Do Critical and Normative Inquiry Conflict?

28 Pages Posted: 12 Oct 2006 Last revised: 20 Oct 2007

See all articles by T. J. Donahue

T. J. Donahue

Institute for Philosophical Research, UNAM

Date Written: October 15, 2007

Abstract

There is an assumption, widely held by political theorists and philosophers, that is seldom discussed and yet has serious consequences for the practice of political theory. The assumption is that critical and normative inquiry conflict. Critical inquiry is the activity of asking what's bad about this or that; normative inquiry is the activity of asking what we should do. Now the assumption - call it the Conflict Thesis - entails that the aims of critical and normative inquiry are incompatible: you cannot consistently accept both. This paper asks whether the Conflict Thesis is true. In answer, it argues that the thesis is false. There is no conflict between critical and normative inquiry, because their aims and presuppositions are compatible. This view I call the No-conflict Thesis. In arguing for this thesis, the paper gives accounts of critical and normative inquiry, identifies their aims and presuppositions, and shows that these are compatible. The paper concludes by showing that a set of neglected but important questions lies at the intersection of critical and normative inquiry.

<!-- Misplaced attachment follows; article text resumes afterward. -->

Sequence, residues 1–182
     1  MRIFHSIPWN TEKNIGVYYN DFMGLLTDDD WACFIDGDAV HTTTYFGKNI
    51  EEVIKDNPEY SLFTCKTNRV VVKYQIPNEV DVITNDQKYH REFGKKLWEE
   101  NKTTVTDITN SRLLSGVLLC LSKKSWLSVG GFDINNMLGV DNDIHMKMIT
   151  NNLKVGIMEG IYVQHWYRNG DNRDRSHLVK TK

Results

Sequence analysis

Keywords: critical inquiry, critique, justification, normative inquiry, normativity, presuppositions

JEL Classification: B24, D63

Suggested Citation

Donahue, T. J., Do Critical and Normative Inquiry Conflict? (October 15, 2007). Available at SSRN: https://ssrn.com/abstract=936775 or http://dx.doi.org/10.2139/ssrn.936775

T. J. Donahue (Contact Author)

Institute for Philosophical Research, UNAM ( email )

Circuito Maestro Mario de la Cueva s/n
Ciudad Universitaria
Coyoacán, Mexico, Distrito Federal C.P. 04510
Mexico

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